2. Take a separate wire and connect the negative side of the battery to the knife switch. Notice that the light is off.
  3. Lower the arm on the knife switch to connect the circuit and light the bulb.

The knife switch allows you to discuss breaking the circuit and stopping the flow of electrons.

Heath Scientific provides a kit called “Making Circuits Simple” that includes all of the components described in this article. It’s an easy, all-in-one kit to demonstrate circuits to your students.

Motility in Bacteria (Prokaryotes)

flagella on bacteria

Flagella on bacteria by Mike Jones

Many types of bacteria have the ability to move. Movement in microorganisms allows them to locate food and to remove themselves from toxic micro-environments and less than desirable temperature conditions. Bacteria expend a large amount of energy during this process.

Bacteria use appendages called flagella to move. Flagella are composed of protein subunits called flagellin. Flagella can be located at one or both ends of a bacteria (polar flagellation) or spaced over the entire surface of the cell (peritrichous flagellation).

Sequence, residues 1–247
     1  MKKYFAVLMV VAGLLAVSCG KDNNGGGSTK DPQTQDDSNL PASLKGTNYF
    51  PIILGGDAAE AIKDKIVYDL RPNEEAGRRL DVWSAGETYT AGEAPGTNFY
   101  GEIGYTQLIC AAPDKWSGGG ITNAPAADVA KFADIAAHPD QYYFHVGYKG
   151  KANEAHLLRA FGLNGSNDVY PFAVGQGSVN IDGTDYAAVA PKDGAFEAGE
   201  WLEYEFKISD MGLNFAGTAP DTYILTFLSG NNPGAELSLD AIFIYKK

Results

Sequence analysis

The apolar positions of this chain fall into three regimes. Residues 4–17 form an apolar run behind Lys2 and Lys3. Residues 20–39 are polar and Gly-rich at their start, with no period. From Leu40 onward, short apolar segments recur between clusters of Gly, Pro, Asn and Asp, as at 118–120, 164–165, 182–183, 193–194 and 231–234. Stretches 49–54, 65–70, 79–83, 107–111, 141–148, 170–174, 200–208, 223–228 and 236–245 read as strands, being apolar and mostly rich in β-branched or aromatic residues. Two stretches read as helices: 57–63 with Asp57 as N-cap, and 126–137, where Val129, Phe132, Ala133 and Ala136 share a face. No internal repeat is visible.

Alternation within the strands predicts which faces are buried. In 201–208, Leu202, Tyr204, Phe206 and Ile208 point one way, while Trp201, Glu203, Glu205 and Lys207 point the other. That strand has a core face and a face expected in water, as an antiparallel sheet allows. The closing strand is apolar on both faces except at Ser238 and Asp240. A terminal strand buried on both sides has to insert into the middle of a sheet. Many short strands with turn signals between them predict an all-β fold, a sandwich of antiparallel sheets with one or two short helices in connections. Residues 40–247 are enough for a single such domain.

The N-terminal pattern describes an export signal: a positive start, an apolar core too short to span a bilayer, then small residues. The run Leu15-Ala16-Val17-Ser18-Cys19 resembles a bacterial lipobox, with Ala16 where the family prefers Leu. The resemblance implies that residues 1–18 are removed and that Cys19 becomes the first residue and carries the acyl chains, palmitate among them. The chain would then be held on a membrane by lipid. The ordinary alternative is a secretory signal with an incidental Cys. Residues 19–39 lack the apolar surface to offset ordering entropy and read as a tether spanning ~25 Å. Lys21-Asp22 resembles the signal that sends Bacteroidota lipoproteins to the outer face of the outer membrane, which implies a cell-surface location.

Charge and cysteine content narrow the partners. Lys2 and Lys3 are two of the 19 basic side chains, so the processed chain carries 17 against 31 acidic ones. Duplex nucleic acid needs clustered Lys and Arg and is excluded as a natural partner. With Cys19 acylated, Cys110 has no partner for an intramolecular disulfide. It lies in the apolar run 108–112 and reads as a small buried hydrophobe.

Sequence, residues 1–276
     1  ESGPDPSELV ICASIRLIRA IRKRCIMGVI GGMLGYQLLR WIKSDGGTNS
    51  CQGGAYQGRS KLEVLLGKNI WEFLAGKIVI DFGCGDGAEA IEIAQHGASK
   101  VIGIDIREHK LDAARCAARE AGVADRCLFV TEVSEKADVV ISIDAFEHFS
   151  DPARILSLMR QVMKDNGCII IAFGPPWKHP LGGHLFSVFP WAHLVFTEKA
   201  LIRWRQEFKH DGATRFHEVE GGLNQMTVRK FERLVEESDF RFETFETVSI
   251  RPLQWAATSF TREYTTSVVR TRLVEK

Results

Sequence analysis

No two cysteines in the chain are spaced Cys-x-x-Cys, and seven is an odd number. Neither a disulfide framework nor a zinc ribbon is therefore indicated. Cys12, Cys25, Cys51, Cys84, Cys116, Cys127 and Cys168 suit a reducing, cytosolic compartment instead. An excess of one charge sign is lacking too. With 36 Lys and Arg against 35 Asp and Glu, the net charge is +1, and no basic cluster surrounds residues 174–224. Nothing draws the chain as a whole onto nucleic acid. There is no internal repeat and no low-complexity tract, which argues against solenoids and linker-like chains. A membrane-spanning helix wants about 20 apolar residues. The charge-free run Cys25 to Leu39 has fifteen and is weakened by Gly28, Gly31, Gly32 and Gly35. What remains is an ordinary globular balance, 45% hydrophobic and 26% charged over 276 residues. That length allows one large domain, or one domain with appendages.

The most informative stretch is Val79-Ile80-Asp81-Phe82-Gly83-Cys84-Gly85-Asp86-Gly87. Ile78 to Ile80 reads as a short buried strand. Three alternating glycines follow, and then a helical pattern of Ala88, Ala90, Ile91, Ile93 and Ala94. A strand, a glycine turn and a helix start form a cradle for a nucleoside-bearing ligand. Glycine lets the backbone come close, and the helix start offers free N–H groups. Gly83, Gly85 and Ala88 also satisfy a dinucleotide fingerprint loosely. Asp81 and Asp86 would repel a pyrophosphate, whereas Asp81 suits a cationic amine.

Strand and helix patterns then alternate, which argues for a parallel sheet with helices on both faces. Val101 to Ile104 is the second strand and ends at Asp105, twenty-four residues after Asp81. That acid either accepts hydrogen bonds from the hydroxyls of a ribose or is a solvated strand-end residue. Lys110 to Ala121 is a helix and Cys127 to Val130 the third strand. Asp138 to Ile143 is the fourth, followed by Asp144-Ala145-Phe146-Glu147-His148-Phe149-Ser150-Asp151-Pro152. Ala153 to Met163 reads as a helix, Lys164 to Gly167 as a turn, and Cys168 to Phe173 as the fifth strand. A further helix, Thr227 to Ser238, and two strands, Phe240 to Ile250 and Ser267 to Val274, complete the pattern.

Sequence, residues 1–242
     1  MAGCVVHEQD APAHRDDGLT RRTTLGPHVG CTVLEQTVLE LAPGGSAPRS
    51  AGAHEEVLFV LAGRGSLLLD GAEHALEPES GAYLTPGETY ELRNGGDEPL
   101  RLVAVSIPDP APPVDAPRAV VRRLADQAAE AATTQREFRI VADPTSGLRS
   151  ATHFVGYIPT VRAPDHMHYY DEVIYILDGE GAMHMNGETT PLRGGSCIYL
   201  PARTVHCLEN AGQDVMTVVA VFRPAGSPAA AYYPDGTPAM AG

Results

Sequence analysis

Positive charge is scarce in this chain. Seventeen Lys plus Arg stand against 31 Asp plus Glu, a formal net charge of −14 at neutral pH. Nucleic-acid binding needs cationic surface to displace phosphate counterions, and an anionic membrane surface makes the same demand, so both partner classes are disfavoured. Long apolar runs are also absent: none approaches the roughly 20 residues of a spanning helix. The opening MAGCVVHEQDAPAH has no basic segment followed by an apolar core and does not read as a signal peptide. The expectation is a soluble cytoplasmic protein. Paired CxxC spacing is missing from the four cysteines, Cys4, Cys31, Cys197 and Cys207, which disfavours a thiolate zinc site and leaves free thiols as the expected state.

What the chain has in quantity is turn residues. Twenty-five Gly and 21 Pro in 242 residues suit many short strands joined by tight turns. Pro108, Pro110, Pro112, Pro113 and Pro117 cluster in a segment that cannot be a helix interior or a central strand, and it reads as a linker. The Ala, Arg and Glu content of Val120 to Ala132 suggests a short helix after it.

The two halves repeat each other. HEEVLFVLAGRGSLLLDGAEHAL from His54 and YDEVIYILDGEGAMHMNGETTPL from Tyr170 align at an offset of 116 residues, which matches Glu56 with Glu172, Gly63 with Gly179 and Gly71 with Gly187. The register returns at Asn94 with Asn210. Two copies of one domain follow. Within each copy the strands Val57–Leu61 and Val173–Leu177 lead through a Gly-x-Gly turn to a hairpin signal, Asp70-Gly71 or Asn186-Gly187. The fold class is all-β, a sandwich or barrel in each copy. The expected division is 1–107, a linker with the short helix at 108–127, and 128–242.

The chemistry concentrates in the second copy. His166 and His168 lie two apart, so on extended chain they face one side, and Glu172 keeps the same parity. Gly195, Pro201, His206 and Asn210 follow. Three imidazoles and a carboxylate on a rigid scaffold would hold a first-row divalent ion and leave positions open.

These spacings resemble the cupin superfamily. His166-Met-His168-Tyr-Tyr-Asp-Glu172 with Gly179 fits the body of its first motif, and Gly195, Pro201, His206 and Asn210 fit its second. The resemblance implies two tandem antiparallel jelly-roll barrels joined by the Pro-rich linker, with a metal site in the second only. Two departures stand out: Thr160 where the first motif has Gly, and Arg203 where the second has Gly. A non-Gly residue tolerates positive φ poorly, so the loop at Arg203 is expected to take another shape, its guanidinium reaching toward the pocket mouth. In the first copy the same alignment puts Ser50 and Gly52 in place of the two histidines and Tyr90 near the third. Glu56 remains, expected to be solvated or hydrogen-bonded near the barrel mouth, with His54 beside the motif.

The appendages are not straight, but helical shaped (like a wave). The flagella for each species of bacteria have a constant wavelength (the distance between each wave in the flagella).

Unlike the human hair, a flagellum grows from the tip, not the base. Flagellin protein is made in the cell and transported through a hollow center to the tip of the flagellum. Therefore, if a tip is broke off, a new one is regenerated. The flagella are stiff structures and move only at the base, like a propeller.

The average speed of a bacteria is 50 micrometers per second. If the bacteria were the size of a cheetah, it would move at about 30 miles an hour.

The Effects of Temperature on Water Absorption in Warblettes